- Financial health of RSLs – How financially healthy RSLs are and how well they manage their money with a focus on resilience and financial planning against the challenges of the COVID-19 pandemic.
- Governance of RSLs – How well run RSLs are.
Why we focus on these risk areas
Local authorities have legal duties towards people who are threatened with, or experiencing, homelessness. This includes offering suitable temporary accommodation and providing settled accommodation. Prior to the pandemic local authorities were working to deliver their Rapid Rehousing Transition Plans (RRTPs) which helped to ensure they were complying with these duties.
The pandemic has impacted on landlords’ ability to let homes resulting in a significant increase in the numbers of households currently in temporary accommodation and consequent pressure on the pool of temporary accommodation which is available if needed.
So we will focus our assessment on the provision of access to suitable temporary accommodation and how local authorities and RSLs are working together to provide lets to homeless households and reduce the number of people in temporary accommodation.
Tenant and resident safety
We expect all social landlords to meet their legal duties around tenant and resident safety. This includes areas such as the management of asbestos, as well as gas and electrical safety and fire regulations. COVID-19 has had an impact on landlords’ ability to progress planned maintenance and safety checks. Social landlords must be able to get the assurance they need that they meet these duties and act quickly to address any non-compliance.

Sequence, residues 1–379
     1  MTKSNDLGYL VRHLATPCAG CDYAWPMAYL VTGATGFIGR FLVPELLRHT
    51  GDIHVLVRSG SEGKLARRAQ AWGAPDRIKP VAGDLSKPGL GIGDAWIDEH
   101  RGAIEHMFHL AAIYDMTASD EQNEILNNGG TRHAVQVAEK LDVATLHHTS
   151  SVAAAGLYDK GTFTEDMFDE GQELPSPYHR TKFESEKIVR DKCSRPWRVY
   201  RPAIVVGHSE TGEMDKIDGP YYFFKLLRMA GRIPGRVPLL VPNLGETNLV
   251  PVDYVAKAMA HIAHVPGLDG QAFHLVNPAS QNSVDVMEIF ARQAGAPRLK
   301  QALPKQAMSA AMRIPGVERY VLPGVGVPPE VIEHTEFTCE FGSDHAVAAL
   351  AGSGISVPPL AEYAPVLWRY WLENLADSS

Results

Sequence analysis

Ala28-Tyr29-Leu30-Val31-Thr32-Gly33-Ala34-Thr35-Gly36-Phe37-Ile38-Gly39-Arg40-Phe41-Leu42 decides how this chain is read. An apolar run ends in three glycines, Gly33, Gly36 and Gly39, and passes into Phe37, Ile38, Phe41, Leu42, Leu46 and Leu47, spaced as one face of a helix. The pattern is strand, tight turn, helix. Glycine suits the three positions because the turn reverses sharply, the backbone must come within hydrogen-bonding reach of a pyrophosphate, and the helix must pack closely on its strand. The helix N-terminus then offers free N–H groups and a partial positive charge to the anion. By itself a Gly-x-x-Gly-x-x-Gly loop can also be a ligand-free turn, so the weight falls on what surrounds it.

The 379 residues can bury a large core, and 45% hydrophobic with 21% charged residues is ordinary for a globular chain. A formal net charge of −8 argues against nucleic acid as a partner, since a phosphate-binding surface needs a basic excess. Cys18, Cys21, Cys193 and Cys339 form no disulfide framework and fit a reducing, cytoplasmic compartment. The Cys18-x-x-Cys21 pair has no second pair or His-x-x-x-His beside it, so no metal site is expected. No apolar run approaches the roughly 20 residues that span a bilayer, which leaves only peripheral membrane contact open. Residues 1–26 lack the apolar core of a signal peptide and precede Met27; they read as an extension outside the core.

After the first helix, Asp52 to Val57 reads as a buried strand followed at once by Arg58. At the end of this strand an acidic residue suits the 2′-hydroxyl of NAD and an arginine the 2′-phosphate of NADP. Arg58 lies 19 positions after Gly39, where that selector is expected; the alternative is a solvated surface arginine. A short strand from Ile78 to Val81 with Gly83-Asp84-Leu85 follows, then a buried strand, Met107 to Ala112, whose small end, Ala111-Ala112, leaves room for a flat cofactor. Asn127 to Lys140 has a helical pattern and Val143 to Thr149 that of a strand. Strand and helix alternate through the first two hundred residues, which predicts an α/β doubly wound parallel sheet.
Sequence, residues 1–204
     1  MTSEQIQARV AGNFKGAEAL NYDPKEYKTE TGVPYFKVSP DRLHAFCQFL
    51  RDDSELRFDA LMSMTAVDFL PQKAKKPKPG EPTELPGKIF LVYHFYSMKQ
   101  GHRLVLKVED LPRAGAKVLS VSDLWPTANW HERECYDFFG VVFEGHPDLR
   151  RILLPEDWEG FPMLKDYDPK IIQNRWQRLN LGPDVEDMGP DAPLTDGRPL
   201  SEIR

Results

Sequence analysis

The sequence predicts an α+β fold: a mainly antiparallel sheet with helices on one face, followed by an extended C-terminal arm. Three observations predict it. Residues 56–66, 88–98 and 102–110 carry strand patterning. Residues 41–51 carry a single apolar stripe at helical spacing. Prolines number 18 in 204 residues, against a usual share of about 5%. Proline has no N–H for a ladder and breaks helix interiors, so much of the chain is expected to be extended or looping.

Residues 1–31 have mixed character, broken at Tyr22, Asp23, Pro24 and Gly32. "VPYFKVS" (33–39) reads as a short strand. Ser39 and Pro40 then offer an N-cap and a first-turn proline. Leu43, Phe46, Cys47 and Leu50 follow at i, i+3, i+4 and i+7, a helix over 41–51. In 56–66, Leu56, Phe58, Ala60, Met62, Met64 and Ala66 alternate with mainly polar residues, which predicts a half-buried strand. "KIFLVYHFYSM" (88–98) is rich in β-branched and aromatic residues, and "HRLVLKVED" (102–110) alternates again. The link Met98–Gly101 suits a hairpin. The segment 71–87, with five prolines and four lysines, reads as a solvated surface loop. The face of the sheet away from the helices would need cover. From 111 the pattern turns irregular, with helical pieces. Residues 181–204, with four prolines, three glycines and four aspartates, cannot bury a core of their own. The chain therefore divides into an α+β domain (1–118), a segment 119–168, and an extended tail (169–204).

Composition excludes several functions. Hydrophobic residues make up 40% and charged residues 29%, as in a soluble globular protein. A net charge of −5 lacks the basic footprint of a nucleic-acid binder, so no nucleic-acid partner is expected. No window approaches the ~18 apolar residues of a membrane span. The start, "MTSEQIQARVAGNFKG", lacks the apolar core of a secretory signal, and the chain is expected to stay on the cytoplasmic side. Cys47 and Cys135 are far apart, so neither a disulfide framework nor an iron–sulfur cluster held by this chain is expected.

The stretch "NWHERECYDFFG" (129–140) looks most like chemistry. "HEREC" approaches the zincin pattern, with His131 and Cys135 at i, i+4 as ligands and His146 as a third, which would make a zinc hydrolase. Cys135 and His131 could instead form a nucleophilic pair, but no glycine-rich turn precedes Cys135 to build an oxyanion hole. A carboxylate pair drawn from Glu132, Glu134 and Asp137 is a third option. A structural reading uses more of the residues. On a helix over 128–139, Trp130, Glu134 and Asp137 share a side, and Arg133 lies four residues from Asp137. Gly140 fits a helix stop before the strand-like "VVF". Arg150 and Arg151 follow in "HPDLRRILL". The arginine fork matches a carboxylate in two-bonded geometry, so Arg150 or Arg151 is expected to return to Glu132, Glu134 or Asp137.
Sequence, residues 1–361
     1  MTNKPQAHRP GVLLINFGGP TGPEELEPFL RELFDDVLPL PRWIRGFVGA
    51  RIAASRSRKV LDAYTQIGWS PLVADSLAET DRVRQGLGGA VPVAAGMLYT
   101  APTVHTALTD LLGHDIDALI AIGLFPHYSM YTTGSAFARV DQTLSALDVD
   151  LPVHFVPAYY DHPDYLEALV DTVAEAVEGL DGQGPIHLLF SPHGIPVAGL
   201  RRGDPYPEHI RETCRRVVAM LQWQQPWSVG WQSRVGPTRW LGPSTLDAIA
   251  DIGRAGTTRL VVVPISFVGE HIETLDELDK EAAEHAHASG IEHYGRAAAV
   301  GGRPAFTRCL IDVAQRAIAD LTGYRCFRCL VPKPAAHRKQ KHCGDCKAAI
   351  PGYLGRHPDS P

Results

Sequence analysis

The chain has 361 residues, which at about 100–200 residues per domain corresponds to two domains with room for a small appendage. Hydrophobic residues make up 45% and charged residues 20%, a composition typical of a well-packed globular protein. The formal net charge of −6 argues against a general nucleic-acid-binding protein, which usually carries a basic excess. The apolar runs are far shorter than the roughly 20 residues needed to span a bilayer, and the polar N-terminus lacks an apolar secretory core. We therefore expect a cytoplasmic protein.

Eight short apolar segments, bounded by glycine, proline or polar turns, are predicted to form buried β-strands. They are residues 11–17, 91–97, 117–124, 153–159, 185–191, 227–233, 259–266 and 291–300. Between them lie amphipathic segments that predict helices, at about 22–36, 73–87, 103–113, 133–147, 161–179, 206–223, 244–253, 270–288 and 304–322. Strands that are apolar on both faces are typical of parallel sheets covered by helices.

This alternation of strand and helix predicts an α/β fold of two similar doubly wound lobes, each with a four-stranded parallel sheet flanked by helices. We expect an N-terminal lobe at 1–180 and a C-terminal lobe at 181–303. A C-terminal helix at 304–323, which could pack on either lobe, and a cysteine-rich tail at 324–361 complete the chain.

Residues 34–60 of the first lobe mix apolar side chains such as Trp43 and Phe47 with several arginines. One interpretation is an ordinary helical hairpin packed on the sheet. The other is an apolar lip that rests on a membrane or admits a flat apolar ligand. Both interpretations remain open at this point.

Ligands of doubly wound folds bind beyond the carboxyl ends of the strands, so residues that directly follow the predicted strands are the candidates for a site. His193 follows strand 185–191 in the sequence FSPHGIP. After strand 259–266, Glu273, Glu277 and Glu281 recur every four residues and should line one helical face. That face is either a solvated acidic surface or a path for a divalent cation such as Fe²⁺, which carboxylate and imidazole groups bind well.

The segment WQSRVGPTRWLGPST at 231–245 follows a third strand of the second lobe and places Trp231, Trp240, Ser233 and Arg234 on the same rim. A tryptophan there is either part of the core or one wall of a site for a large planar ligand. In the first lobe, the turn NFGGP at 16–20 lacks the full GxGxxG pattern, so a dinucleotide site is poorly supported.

Social landlords that provide Gypsy/Travellers sites must make sure those sites meet the minimum site standards set in Scottish Government guidance as well as meeting the legal requirements relating to fire safety.
The areas we will focus on are set out in Section 5.
Financially well-run RSLs deliver better outcomes for their tenants. RSL sector finances remain strong but landlords and their tenants are facing challenges and uncertainties. The response to and financial impact of the COVID-19 pandemic means, for many RSLs, there will be less financial capacity not only to deal with adverse events but also for planned maintenance and development.
Social landlords also need to be able to keep rents affordable for their tenants and service users and be able to demonstrate how they provide value for money for the rents they charge. Planned rent increases could cause future affordability issues for tenants, particularly as the longer term economic impact of the COVID-19 pandemic works through.